Tom Cotton on the Wuhan coronavirus and the economy

Our friend Sen. Tom Cotton has been at the forefront of discussions about the Wuhan coronavirus and how we should respond to it. We posted his powerful denunciation of Democrats for their attempt to hold the coronavirus relief bill hostage to a wish list of pet Democratic programs having essentially nothing to do with responding to the virus.

Sen. Cotton has also led the charge to hold China accountable for its unwillingness to report honestly about the virus when it began taking its toll. Had China been honest, the virus wouldn’t have spread the way it did.

Cotton has in mind, among other things, making ourselves vastly less dependent on China for the production of key items like medicines. We would be well advised to do this even if there had been no Wuhan coronavirus.

Sen. Cotton has received less attention for a tweet about the relationship between economic prosperity and limiting the spread of the virus in America. Cotton tweeted:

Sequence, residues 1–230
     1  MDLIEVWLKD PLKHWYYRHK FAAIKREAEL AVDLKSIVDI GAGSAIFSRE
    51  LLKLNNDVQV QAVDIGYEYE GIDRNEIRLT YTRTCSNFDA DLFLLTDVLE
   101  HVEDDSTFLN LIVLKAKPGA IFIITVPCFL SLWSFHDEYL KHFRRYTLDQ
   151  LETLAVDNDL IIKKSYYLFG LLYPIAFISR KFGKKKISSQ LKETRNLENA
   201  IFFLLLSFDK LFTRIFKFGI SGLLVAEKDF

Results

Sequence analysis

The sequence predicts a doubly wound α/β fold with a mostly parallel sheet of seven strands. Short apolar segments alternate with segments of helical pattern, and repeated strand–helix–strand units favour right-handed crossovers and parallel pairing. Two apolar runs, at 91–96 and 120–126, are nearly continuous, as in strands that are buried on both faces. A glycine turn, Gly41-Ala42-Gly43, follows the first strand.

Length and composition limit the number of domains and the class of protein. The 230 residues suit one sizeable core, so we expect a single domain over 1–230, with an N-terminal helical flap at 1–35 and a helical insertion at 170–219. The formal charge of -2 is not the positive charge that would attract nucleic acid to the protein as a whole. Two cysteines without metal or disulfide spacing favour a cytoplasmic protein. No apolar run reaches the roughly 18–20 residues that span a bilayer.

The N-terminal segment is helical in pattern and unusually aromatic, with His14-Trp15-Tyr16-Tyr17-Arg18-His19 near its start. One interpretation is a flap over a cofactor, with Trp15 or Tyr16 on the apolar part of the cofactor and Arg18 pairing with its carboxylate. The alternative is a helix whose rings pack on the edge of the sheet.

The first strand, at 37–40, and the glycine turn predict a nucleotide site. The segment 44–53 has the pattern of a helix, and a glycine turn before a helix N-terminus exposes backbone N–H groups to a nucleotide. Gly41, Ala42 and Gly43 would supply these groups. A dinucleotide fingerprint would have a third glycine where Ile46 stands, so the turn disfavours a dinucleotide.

This is the stark truth: we have to arrest the spread of the China virus to get the economy back on its feet & get life back to something like normal.

I agree.

Rep. Lynn Chaney has tweeted to the same effect:

There will be no normally functioning economy if our hospitals are overwhelmed and thousands of Americans of all ages, including our doctors and nurses, lay dying because we have failed to do what’s necessary to stop the virus.

There was also this from Sen. Lindsey Graham:

Try running an economy with major hospitals overflowing, doctors and nurses forced to stop treating some because they can’t help all, and every moment of gut-wrenching medical chaos being played out in our living rooms, on social media, and shown all around the world. There is no functioning economy unless we control the virus.

These statements remind us that, just as the state of the economy affects public health (a severe economic down turn will cause some deaths), the state of public health affects the economy. Right now, the state of public health seems, as Tom Cotton says, inimical to getting the economy back on its feet.

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